The Ehlers-Danlos Syndrome National Diagnostic Service in Sheffield, UK, has published a new paper on vascular Ehlers-Danlos syndrome (vEDS) diagnosis and management, in the European Journal of Human Genetics:
Diagnosis and management of vascular Ehlers-Danlos syndrome: Experience of the UK national diagnostic service, Sheffield.
Authors: Jessica M. Bowen, Monica Hernandez, Diana S. Johnson, Claire Green, Tammy Kammin, Duncan Baker, Sylvia Keigwin, Seiko Makino, Naomi Taylor, Oliver Watson, Nigel M. Wheeldon, and Glenda J. Sobey.
The researchers’ work shows fewer vascular events and improved survival in patients with vEDS who are on a medication strategy developed by the team, together with colleagues in the South Yorkshire Regional Inherited Cardiac Conditions Service. The medications used were primarily losartan, an angiotensin II receptor blocker, and bisoprolol, a beta blocker.
“Our retrospective data showed that those on a long-term angiotensin II receptor blocker and/or beta-blocker had fewer vascular events than those not on cardiac medication who received the same lifestyle and emergency care advice.”
The paper also details the clinical features of 180 patients with vEDS who were diagnosed and managed by the team, highlighting features to prompt early diagnosis, and including recommendations for emergency management and management of pregnancy in women and pregnant people with vEDS.
This study highlights the need for early diagnosis of vEDS. With early diagnosis, appropriate medical management, lifestyle advice, and medication we can improve survival and quality of life for people with vEDS.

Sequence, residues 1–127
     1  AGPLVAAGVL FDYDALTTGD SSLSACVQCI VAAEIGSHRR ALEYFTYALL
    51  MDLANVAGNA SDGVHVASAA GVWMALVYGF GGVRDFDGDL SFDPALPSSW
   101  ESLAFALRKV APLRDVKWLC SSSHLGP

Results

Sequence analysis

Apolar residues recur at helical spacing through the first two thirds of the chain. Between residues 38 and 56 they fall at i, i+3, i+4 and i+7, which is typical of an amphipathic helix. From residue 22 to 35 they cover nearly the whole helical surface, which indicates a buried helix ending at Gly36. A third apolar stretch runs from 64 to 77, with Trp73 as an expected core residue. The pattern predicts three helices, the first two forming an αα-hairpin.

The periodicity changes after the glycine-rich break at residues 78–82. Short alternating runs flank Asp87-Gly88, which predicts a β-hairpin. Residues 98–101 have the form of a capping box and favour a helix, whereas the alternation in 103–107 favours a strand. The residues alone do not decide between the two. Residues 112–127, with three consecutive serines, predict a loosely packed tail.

Dr. Glenda Sobey, Head of the EDS National Diagnostic Service in Sheffield, explained: “We have been carefully managing vascular EDS patients for fourteen years. It has been very helpful to be able to show, through detailed statistical analysis together with our colleague at Sheffield University, School of Health, and Related Research (ScHARR), that our management strategy using drug repurposing has proven efficacy.”
The authors acknowledge all of the patients who participated in the study as well as Ehlers-Danlos Support UK and Annabelle’s Challenge who provided funding for statistical analysis and journal open access.
Lead author, Jess Bowen said: “A lot of work went into our recent publication on vascular EDS, from the whole team and our colleagues. It has been a big challenge, but to get evidence showing the benefit of treatment for this rare condition is very rewarding.”
The EDS National Diagnostic Service is a Highly Specialised Service of NHS England commissioned to see people with a diagnosis or suspected diagnosis of vascular, classical, and other genetically-defined types of EDS.
The full text of the study and supplementary materials can be found here.